NPR: Fertilizer byproduct roads for Florida?

May 12, 2023, 12:00PMANS Nuclear Cafe
A gypstack in Fort Meade, Fla., the current waste disposal means for phosphogypsum. (Photo: Harvey Henkelmann)

A recent NPR article has reported that Florida legislators have sent a bill to Gov. Ron DeSantis that would require the state’s Department of Transportation to study the use of a radioactive waste material in road paving projects.

That waste material is phosphogypsum, a byproduct of fertilizer production. Opponents of the legislation—H.B. 1191, which passed the Republican-controlled legislature earlier this month—claim phosphogypsum “would hurt water quality and put road construction crews at a higher risk of cancer.”

What is it? According to the U.S. Environmental Protection Agency, phosphogypsum is the waste left behind after “the phosphorous is removed by dissolving [phosphate] rock in an acidic solution” during the phosphate production process. Naturally occurring uranium, thorium, and radium remain in the waste, and because it is concentrated, “phosphogypsum is more radioactive than the original phosphate rock.” The NPR article quotes the EPA as saying that the radium present in the waste material “is of particular concern because it decays to form radon, a cancer-causing radioactive gas.”

The Fertilizer Institute, which represents the fertilizer industry, believes that phosphogypsum would be safe to use in road construction, according to the article. Researchers in China published a study last year expressing optimism about the material’s potential use in road construction.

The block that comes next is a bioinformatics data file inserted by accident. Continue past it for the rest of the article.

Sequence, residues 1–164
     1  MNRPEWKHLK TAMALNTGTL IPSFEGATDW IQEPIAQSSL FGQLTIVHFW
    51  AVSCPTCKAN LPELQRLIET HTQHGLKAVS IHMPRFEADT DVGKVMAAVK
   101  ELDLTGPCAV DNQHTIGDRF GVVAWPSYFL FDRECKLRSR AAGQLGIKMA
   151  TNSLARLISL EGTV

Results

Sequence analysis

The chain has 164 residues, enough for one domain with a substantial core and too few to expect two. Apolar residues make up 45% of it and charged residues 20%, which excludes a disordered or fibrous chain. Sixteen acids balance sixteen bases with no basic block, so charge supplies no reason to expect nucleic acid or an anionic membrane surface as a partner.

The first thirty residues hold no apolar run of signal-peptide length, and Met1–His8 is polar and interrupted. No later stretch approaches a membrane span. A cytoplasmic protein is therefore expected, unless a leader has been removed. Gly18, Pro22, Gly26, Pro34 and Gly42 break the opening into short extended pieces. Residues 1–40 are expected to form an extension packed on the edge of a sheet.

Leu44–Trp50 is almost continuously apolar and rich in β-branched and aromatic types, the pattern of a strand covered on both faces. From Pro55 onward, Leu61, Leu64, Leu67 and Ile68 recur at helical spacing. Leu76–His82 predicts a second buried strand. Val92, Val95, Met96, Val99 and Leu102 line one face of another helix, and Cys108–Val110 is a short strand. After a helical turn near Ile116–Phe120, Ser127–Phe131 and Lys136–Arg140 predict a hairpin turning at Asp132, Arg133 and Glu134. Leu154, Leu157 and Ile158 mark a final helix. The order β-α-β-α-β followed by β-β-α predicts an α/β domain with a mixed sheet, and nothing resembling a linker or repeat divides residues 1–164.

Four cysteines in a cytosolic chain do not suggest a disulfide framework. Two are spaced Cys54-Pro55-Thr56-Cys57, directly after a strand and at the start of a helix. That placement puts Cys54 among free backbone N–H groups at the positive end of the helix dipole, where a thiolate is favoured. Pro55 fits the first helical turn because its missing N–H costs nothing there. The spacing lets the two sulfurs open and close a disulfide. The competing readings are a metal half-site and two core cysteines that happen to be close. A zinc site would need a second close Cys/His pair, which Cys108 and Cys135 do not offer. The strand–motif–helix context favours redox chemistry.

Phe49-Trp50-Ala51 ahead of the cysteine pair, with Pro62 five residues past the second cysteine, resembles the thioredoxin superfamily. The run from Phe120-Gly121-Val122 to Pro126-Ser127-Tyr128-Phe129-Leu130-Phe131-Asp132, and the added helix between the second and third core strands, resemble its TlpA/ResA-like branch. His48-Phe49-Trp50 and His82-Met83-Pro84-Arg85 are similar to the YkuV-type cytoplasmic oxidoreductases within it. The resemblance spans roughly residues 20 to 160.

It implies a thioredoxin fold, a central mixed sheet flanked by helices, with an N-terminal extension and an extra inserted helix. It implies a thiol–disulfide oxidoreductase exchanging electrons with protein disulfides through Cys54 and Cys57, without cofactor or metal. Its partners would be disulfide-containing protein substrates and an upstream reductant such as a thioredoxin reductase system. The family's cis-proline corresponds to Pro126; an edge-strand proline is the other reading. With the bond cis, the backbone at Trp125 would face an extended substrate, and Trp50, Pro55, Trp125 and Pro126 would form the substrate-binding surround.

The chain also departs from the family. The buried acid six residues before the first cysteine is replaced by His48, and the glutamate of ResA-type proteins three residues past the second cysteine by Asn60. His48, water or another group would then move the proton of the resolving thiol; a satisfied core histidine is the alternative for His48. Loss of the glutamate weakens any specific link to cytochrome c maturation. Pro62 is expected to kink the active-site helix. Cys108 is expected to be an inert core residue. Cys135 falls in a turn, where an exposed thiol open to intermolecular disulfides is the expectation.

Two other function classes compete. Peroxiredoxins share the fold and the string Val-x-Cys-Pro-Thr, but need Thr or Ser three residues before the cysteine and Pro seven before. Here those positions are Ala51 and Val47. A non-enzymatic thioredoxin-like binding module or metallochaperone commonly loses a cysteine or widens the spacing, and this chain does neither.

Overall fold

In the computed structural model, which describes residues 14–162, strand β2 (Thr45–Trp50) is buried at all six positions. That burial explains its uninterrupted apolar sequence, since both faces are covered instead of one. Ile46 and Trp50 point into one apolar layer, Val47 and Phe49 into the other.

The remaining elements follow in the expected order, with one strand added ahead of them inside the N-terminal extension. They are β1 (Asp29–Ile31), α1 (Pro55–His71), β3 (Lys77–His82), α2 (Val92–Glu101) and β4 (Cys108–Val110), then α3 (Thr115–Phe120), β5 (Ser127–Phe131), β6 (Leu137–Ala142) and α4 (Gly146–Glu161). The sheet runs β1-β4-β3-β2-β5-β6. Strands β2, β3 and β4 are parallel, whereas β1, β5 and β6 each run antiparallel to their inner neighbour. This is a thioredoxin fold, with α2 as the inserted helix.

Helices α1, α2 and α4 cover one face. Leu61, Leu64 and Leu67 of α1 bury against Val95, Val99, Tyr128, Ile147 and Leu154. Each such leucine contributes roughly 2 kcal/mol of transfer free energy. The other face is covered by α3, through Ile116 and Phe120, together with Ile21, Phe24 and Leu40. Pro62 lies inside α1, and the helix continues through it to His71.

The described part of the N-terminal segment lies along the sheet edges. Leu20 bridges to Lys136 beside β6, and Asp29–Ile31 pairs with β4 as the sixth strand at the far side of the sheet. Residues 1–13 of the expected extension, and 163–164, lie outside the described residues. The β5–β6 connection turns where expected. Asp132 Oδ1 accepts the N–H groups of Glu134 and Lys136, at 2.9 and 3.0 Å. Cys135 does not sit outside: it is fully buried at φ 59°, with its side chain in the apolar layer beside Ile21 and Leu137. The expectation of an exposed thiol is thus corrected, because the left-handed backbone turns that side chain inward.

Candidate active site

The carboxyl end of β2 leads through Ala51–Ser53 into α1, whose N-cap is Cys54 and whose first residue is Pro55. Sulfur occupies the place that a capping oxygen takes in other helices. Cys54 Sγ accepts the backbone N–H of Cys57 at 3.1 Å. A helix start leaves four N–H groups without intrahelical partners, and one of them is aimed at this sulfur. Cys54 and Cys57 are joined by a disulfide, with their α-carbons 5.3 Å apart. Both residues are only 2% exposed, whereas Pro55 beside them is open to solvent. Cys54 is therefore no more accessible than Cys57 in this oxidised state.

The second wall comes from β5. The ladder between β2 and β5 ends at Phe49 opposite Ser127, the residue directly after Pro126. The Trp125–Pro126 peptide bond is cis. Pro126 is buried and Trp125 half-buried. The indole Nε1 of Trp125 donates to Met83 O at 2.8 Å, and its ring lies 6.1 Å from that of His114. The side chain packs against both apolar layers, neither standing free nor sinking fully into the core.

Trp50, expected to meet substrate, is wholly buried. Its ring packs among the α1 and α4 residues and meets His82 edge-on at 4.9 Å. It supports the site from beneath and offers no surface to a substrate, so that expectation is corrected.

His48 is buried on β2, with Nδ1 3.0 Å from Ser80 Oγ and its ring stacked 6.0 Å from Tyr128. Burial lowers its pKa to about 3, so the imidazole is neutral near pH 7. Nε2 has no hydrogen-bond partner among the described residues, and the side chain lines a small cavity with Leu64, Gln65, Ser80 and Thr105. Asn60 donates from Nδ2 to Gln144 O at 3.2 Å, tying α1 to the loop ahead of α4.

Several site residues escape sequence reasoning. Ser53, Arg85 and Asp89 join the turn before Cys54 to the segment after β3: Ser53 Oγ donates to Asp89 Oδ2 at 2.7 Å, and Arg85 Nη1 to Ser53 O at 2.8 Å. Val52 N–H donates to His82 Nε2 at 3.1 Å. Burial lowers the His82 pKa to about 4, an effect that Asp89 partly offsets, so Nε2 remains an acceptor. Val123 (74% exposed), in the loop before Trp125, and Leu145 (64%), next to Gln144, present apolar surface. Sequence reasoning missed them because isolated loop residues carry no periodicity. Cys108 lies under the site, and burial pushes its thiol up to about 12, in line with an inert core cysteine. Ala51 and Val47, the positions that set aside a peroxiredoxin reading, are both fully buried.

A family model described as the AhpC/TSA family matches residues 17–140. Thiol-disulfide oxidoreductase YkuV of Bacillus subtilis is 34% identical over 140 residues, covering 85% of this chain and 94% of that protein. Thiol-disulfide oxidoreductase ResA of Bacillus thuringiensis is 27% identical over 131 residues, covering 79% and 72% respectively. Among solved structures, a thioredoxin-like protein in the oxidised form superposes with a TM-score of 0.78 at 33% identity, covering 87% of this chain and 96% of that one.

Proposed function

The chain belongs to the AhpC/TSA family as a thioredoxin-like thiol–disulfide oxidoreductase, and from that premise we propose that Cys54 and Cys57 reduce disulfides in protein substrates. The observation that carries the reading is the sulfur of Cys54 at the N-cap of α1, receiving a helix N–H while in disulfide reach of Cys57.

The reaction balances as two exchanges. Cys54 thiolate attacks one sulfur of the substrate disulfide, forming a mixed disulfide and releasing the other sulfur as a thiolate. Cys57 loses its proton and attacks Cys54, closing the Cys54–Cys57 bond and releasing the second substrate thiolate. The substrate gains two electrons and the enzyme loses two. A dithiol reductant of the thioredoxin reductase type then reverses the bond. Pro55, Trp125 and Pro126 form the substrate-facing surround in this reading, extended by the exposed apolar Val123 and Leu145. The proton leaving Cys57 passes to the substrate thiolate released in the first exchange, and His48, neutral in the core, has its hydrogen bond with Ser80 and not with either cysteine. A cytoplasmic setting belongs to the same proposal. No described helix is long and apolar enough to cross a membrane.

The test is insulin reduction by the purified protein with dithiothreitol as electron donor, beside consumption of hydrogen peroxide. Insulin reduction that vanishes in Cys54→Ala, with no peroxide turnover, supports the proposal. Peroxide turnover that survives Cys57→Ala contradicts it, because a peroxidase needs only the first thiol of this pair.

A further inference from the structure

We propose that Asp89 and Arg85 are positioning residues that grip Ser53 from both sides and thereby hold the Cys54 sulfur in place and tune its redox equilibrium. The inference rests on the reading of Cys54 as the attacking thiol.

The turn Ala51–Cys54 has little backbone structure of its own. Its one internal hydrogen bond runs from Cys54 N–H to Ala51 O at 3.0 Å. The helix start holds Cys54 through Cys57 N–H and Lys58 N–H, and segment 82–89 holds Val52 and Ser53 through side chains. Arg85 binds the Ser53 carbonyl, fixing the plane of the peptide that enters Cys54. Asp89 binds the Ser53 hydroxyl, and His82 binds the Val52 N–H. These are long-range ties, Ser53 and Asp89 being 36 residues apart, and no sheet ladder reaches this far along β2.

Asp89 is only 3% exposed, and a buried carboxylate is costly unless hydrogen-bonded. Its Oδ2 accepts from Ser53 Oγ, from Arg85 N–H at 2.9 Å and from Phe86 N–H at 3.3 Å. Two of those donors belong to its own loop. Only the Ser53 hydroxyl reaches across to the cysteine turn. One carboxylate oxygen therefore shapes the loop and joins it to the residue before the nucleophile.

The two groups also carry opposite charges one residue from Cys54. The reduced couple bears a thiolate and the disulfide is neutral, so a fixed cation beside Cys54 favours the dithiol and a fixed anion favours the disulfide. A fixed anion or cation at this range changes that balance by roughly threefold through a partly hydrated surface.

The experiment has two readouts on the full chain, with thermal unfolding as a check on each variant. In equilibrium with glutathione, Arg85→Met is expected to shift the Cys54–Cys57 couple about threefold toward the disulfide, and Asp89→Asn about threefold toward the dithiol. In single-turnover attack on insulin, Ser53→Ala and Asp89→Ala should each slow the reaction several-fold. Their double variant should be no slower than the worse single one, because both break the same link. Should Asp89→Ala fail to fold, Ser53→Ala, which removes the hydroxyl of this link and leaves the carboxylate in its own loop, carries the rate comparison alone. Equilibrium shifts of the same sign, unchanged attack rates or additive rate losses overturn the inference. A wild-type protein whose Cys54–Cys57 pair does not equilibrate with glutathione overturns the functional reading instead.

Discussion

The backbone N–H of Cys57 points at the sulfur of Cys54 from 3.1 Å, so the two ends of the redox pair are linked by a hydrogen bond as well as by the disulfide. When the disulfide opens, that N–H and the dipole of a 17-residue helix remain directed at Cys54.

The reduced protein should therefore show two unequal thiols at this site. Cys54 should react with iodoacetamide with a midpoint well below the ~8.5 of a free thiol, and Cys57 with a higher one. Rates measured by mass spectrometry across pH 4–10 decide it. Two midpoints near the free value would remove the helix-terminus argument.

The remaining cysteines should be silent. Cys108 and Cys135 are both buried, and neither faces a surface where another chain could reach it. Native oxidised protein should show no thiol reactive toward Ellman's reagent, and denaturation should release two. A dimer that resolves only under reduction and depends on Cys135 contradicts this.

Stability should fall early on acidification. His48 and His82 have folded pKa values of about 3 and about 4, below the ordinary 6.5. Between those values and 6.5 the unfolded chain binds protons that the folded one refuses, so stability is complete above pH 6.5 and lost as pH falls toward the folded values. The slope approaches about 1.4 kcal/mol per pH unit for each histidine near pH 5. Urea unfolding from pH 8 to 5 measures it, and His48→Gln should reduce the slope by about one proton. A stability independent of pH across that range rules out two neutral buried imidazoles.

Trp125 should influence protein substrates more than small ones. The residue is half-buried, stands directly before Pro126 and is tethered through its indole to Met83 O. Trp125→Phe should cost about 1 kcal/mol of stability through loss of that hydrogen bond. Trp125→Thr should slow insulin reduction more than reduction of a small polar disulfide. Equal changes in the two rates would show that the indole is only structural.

Fertilizer industry: Florida is the nation’s largest producer of phosphorous, accounting for about 80 percent of the current capacity, according to the EPA. The production process generates massive amounts of phosphogypsum waste that must be stored at enormous waste sites called “gypstacks.” According to the article, these stacks have “been linked to serious problems over the years, due to sinkholes and other breaches.”

According to the article, the Center for Biological Diversity has called out the fertilizer industry for being unable to manage its “toxic waste problem” and wanting to use Florida as “a test subject in the industry’s reckless experiment” of using phosphogypsum for road construction.

Political considerations: The article quotes the EPA as saying that for more than three decades, “phosphogypsum remains prohibited from use in road construction.” Any new plan to use the material for roadwork would require a review by the EPA. Although the legislation does not address this prohibition, it has provided supporting documentation showing that the agency does allow some uses for research purposes.

H.B. 1191 has set a deadline of April 1, 2024, for the Florida DOT to complete its evaluation and make its recommendation. For this process to begin, the legislation must first be signed by Gov. DeSantis. If DeSantis takes no action, the bill will be enacted automatically.

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